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universities. The apparent approval of college administrations puts fast-food restaurants in a position to further influence the younger generation. We no longer need to leave many highways to obtain fast food quickly and easily. Fast food is now available at many, and in some cases all, convenient rest stops along the road. After refueling, we can proceed with our trip, which is likely to end in another community that has about the same density and mix of fast-food restaurants as the locale we left behind. Fast food is also increasingly available in hotels, railway stations, and airports. In other sectors of society, the influence of fast-food restaurants has been subtler but no less profound. Food produced by McDonalds and other fast-food restaurants has begun to appear in high schools and trade schools; over 20% of school cafeterias offer popular brand-name fast foods such as Pizza Hut or Taco Bell at least once a week. Said the director of nutrition for the American School Food Service Association, Kids today live in a world where fast food has become a way of life. For us to get kids to eat, period, we have to provide some familiar items. Few lower-grade schools as yet have in-house fast-food restaurants. However, many have had to alter school cafeteria menus and procedures to make fast food readily available. Apples, yogurt, and milk may go straight into the trash can, but hamburgers, fries, and shakes are devoured. The attempt to hook school-age children on fast food reached something of a peak in Illinois, where McDonalds operated a program called, A for Cheeseburger. Students who received As on their report cards received a free cheeseburger, thereby linking success in school with rewards from McDonalds. The military has also been pressed to offer fast food on both bases and ships. Despite the criticisms by physicians and nutritionists, fast-food outlets increasingly turn up inside hospitals. Although no homes yet have a McDonalds of their own, meals at home often resemble those available in fast-food restaurants. Frozen, microwavable, and prepared foods, which bear a striking resemblance to meals available at fast-food restaurants, often find their way to the dinner table. There are even cookbooksfor example, Secret Fast Food Recipes: The Fast Food Cookbookthat allow one to prepare genuine fast food at home. Then there is also home delivery of fast foods, especially pizza, as revolutionized by Dominos. Another type of expansion involves what could be termed vertical McDonaldization. That is, the demands of the fast-food industry, as is well documented in Eric Schlossers Fast Food Nation, have forced industries that service it to McDonaldize in order to satisfy its insatiable demands. Thus, potato growing and processing, cattle ranching, chicken raising, and meat slaughtering and processing have all had to McDonaldize their operations, and this has led to dramatic increases in production. However, that growth has not come without costs. Meat and poultry are more likely to be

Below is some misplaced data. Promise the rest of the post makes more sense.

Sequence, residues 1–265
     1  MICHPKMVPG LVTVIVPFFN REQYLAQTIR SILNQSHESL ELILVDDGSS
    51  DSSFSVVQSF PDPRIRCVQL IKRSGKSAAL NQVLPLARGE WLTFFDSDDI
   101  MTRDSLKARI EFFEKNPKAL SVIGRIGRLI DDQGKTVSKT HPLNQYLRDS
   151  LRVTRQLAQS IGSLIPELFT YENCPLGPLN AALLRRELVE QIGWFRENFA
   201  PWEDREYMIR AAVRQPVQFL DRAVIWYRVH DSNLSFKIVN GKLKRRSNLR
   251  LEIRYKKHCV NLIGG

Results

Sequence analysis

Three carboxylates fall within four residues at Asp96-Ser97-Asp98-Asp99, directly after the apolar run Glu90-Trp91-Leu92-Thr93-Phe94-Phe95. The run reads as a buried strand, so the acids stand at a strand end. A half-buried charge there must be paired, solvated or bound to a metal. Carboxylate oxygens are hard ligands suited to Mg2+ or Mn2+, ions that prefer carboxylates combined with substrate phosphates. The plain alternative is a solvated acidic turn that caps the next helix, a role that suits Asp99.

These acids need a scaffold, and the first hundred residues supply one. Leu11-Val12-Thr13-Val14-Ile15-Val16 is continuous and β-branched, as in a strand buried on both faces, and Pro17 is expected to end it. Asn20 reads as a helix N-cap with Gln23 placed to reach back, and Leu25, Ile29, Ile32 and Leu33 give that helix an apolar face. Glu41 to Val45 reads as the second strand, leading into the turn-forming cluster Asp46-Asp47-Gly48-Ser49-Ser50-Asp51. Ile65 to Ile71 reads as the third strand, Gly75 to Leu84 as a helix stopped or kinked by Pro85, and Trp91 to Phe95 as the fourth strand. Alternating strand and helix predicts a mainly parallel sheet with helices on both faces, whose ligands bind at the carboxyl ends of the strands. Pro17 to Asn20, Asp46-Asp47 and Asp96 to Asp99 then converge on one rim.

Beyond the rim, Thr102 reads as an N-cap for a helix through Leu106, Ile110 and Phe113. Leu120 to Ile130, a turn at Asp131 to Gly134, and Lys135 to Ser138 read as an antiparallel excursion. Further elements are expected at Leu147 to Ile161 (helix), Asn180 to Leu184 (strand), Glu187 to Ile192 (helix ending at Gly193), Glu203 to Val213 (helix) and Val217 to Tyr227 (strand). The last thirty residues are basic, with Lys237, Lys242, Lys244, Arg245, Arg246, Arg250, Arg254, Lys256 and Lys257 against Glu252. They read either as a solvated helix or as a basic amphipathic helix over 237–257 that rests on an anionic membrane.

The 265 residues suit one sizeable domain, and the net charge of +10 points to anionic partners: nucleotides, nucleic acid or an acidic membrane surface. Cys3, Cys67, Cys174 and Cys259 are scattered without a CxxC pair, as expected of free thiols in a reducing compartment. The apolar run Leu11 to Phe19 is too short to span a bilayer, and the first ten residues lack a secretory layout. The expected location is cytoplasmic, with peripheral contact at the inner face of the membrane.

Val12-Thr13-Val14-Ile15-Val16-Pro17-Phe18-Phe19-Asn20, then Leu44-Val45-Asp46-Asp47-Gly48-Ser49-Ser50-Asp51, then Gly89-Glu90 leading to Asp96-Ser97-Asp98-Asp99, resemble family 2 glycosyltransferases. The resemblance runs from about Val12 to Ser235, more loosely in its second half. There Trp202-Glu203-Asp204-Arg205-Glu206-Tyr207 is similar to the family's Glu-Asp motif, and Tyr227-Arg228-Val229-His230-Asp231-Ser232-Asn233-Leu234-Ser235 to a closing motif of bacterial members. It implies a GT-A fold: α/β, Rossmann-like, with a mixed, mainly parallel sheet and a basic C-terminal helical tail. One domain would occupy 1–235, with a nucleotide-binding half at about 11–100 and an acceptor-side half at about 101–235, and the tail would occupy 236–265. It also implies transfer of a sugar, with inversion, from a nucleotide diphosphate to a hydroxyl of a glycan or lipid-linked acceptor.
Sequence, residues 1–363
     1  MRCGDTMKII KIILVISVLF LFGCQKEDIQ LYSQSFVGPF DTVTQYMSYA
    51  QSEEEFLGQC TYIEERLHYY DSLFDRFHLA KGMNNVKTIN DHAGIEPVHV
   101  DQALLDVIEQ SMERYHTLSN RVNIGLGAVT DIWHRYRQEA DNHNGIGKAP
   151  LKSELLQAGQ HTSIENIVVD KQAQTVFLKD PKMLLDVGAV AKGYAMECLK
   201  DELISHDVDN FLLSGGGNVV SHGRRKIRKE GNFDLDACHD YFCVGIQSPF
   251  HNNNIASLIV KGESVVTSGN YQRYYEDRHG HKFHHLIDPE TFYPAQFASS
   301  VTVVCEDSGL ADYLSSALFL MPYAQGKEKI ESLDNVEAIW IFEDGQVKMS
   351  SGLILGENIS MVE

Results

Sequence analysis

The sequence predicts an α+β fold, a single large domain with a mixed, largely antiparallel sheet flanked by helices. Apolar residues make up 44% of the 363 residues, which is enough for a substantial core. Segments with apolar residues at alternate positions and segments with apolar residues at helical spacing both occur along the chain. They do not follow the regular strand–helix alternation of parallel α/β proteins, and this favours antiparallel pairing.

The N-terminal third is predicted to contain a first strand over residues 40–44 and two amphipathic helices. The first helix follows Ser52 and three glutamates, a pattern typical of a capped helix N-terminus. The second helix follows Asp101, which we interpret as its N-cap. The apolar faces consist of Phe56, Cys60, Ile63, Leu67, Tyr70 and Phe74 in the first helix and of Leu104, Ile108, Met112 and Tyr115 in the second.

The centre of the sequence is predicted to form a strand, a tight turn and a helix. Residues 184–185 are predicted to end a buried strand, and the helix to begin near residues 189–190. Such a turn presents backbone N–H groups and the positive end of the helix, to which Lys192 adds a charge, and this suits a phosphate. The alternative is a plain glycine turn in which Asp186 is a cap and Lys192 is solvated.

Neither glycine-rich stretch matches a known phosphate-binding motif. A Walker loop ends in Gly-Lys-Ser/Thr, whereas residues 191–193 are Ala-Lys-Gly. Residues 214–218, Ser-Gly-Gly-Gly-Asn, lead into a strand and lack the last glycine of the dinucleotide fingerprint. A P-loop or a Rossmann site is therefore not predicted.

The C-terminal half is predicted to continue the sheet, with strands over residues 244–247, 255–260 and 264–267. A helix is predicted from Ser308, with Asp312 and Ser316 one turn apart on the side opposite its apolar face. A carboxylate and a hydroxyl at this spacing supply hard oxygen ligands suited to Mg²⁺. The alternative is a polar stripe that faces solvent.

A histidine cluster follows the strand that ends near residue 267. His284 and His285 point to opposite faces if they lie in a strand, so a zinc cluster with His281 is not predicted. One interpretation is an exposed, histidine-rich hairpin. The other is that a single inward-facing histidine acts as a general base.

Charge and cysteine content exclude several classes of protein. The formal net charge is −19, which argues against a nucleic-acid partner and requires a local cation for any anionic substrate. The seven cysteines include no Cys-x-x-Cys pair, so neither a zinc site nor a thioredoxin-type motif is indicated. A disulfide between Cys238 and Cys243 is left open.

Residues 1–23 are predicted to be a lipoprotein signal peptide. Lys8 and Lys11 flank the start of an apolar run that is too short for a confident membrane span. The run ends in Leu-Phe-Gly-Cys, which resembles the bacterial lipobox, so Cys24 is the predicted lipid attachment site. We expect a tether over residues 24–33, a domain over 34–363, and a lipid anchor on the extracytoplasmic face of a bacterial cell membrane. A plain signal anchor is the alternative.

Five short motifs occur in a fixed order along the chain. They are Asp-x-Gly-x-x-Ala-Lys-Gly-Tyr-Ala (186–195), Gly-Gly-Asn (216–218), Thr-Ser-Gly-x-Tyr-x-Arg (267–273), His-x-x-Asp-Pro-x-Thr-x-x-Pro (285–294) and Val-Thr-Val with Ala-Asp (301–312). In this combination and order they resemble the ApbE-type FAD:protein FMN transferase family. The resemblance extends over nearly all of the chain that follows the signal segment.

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disease-ridden, small (often non-McDonaldized) producers and ranchers have been driven out of business, and millions of people have been forced to work in low-paying, demeaning, demanding, and sometimes outright dangerous jobs. For example, in the meatpacking industry, relatively safe, unionized, secure, manageable, and relatively high-paying jobs in firms with once-household names like Swift and Armour have been replaced by unsafe, nonunionized, insecure, unmanageable, and relatively low-paying positions with largely anonymous corporations. While some (largely owners, managers, and stockholders) have profited enormously from vertical McDonaldization, far more have been forced into a marginal economic existence. McDonalds is such a powerful model that many businesses have acquired nicknames beginning with Mc. Examples include McDentists and McDoctors, meaning drive-in clinics designed to deal quickly and efficiently with minor dental and medical problems; McChild care centers, meaning child care centers such as KinderCare; McStables, designating the nationwide racehorse-training operation of Wayne Lucas; and McPaper, describing the newspaper USA TODAY. McDonalds is not always enamored of this proliferation. Take the case of We Be Sushi, a San Francisco chain with a half dozen outlets. A note appears on the back of the menu explaining why the chain was not named McSushi: